Tracy A. Burns is a proofreader, writer and editor in Prague.
I have been a fan of Alphonse Mucha’s Art Nouveau works ever since I came to Prague in the 1990s. While he is best known for his exhilarating posters of actress Sarah Bernhardt, Mucha was a very versatile artist – as is evidenced in this comprehensive exhibition of creations owned by his descendants. The first extensive showing of his works in 30 years is housed at Prague’s Waldstein Palace. The exhibition highlights not only the advertising posters but also his drawings, paintings, sculptures, photos and jewelry, for instance. The family displays some originals to the public for the first time.
Family portraits evoking Mucha’s childhood add an intimate feel to the exhibition. Born in Ivančice, Moravia, Mucha called home a building that also included the town jail. The Czech lands were under Austrian rule when Mucha grew up. They were part of the Habsburg Empire in which German was the official language. Yet, during that era, the Czech National Revival took place, when Czech nationalists promoted Czech culture and the Czech language.
At the end of 1894, Mucha became a star overnight when he designed a poster for Bernhardt’s production of Gismonda. The following year he created posters that decorated calendars, postcards and menus as well as theatre programs. His work would find enthusiastic audiences in Vienna, Prague, Budapest, Munich, London, New York and other cities during subsequent years.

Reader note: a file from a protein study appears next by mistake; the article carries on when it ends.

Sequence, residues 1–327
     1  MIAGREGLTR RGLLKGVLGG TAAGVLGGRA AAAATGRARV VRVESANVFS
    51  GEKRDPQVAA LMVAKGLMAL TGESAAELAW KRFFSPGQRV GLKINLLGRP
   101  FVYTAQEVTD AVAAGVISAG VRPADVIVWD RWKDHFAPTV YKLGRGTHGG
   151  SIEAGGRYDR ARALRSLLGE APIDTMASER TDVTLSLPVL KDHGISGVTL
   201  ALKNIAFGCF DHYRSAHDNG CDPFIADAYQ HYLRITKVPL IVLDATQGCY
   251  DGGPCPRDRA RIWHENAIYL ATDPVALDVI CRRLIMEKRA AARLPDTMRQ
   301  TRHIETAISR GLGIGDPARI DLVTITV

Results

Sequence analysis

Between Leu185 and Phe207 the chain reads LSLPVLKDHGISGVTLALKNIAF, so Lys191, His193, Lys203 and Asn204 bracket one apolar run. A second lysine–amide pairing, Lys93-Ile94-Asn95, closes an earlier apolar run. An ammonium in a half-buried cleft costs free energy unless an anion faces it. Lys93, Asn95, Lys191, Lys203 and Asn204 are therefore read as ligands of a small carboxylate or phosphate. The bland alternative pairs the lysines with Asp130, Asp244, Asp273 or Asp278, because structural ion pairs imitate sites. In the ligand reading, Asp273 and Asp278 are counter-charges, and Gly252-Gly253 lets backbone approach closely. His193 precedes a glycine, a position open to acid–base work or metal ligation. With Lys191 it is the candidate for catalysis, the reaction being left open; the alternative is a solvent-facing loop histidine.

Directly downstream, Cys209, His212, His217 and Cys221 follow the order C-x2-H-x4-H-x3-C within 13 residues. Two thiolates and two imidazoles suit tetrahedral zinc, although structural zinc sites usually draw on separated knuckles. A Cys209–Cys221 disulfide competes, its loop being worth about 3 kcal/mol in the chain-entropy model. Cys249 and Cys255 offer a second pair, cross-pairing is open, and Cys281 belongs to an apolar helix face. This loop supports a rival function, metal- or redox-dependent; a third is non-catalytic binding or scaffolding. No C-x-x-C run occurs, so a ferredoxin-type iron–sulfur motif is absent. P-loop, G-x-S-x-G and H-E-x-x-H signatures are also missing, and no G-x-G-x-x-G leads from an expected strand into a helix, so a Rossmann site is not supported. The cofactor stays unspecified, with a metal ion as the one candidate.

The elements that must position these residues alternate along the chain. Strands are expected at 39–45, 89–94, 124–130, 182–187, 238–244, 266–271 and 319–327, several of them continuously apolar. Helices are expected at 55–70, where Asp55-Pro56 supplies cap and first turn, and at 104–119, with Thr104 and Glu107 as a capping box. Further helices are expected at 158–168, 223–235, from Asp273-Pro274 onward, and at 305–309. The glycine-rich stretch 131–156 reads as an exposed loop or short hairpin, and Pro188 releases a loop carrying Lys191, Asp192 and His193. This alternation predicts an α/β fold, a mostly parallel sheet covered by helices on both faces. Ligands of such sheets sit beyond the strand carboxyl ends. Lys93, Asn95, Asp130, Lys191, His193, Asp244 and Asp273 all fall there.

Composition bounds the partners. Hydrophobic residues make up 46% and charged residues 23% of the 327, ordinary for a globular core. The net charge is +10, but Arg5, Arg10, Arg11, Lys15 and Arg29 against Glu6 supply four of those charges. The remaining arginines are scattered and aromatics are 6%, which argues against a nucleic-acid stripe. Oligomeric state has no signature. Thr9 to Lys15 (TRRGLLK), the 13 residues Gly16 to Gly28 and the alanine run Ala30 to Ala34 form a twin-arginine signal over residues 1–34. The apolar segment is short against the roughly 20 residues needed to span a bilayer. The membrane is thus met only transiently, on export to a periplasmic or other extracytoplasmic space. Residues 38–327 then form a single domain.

I loved how, in his advertising posters, Mucha utilized folk features not only found in Czech art but also in Byzantine, Islamic, Japanese, Gothic, Judaic, Celtic and Rococo works. Much of this genre focuses on beautiful, young women with an optimistic and cheerful flair. They are wearing flowing robes in pastel colors. I loved the touches of floral and plant ornamentation plus arabesques and naturalistic elements, too.
The exhibition boasted family portraits and photos, such as those of his friends Paul Gaugin and Auguste Rodin. Gaugin even was Mucha’s housemate for a while. During the Paris Exposition Universalle of 1900, Mucha represented Austria-Hungary as the show focused on the accomplishments of the past century. I had not known that in 1899 Mucha had designed a jewelry collection that was featured at this major show. One of the jewelry pieces on display at the exhibition features a snake-shaped broach that Bernhardt wore during her portrayal as Medusa. I also was captivated by Mucha’s decorations for a German theatre in the USA. He would wind up making three trips to the United States, hailed by The New York Daily News as “the world’s greatest decorative artist.”